2003 uptrend for Islamic bonds


AS the equity markets continue to take a beating in the uncertain global geopolitical climate, economists are more bullish on the growth prospects of the bond markets, particularly Islamic private debt securities (PDS), this year.  

The lacklustre performance of the KLSE may be driving some investors away from the equity markets but companies too are increasingly turning to the bond markets as a major source of their funding. 

“Overall we remain bullish on the growth of the bond market in the medium term. As it is an efficient form of borrowing for companies with high credit standing, we will continue to see a shift in companies sourcing funds through the bond market as against the traditional bank-loan market,” said HSBC Bank Malaysia Bhd Associate Director (Fixed Income Research) Devendran Mahendran.  

“We are likely to see an increase in asset backed securities and Islamic instruments.” 

Devendran expects the growth rates for the bond market to be moderate this year and foresees significant bond issues particularly for infrastructure development. He said the growth of the market would be reflective of the pace of economic activities in the country. 

CIMB Bhd chief executive officer Nazir Razak predicted on Wednesday that the fund raising through the PDS market would grow 17% to RM40bil this year from RM32bil in 2002. In contrast, he expects funds raised through the equity market to dip two-thirds with initial public offerings falling to RM4bil this year from RM12bil in 2002. 

Indeed, this upbeat view on bonds appears to be in line with the growth of the Malaysian bond market in recent years which has more than doubled in size in the five years since the 1997 Asian financial crisis.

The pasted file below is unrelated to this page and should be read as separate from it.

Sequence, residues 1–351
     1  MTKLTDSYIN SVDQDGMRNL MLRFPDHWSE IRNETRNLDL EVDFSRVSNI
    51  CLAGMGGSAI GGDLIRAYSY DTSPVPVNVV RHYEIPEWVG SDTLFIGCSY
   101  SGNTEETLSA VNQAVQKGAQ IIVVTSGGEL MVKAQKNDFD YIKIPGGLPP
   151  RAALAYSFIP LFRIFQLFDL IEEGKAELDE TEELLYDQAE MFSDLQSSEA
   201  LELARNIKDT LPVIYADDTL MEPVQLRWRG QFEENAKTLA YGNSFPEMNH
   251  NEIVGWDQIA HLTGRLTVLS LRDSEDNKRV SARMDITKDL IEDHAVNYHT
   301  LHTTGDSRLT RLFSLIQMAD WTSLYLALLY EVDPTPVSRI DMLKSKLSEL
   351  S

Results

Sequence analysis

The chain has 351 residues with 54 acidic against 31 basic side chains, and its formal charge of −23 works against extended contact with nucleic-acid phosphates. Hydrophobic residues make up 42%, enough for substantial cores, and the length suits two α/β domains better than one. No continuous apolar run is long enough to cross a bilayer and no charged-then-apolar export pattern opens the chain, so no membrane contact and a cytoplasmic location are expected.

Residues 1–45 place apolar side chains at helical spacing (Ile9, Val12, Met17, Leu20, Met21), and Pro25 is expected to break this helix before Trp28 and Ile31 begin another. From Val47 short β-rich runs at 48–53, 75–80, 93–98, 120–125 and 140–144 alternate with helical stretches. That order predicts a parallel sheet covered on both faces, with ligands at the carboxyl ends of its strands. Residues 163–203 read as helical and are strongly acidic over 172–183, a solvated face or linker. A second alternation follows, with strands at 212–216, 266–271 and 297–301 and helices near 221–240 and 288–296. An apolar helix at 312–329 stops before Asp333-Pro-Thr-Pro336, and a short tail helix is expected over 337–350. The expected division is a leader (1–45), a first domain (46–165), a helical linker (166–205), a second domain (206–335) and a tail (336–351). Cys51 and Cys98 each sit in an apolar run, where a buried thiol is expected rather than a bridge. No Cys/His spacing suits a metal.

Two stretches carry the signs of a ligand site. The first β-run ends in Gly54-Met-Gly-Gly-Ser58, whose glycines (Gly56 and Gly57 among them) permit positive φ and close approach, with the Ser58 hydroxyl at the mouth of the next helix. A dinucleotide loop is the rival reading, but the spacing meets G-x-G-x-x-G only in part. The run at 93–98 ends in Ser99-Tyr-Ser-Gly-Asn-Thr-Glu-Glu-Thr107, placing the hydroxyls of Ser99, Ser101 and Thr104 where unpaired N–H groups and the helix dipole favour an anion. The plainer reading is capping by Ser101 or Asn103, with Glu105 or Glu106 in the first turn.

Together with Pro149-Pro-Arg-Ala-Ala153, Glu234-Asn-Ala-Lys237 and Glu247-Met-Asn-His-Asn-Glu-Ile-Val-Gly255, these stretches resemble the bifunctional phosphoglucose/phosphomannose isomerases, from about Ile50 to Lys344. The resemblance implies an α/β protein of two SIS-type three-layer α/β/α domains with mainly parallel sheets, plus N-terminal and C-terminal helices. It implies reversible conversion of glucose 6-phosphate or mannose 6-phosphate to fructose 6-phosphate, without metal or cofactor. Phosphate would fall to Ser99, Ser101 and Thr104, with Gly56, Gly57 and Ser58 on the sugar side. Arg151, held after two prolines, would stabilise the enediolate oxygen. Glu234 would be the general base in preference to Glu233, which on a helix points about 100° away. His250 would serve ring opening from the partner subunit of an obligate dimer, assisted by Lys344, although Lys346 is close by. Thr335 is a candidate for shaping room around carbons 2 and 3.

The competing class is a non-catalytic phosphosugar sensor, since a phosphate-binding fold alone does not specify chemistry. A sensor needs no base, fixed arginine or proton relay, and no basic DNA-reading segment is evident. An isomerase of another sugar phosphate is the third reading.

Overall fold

Amongst bonds, the size of the PDS market, which was smaller than that of Malaysian Government Securities (MGS) in 1997, now far exceeds MGS in size and variety.  

At end of 2001, the size of the fast growing PDS market, which registered a compounded annual growth rate of 30.2%, stood at RM133.6bil compared to RM103.4bil for MGS. 

With factors conducive to bond trading such as the lack of inflationary pressure and low interest rates likely to be sustained through 2003, the healthy outlook for the PDS market appears assured.  

According to Sean Liu, head of Fixed Income for Prudential Unit Trusts Bhd, bonds in general have outperformed stocks for the third consecutive year in 2002 primarily due to the low interest rate environment.  

He said that with no inflationary pressure bond prices would likely find continued support in 2003. 

It is not all smooth sailing however for the Malaysian PDS market. Many analysts complain that there is inadequate liquidity in the market and this has repercussions on its efficiency as a place for capital raising and attractiveness to potential investors.  

“The Malaysian bond market is still in its infancy stage in terms of development,” said Liu when asked by StarBiz to comment on the Malaysian market’s liquidity.  

“Notwithstanding that, liquidity on PDS in the secondary market has improved tremendously when compared to three years ago.”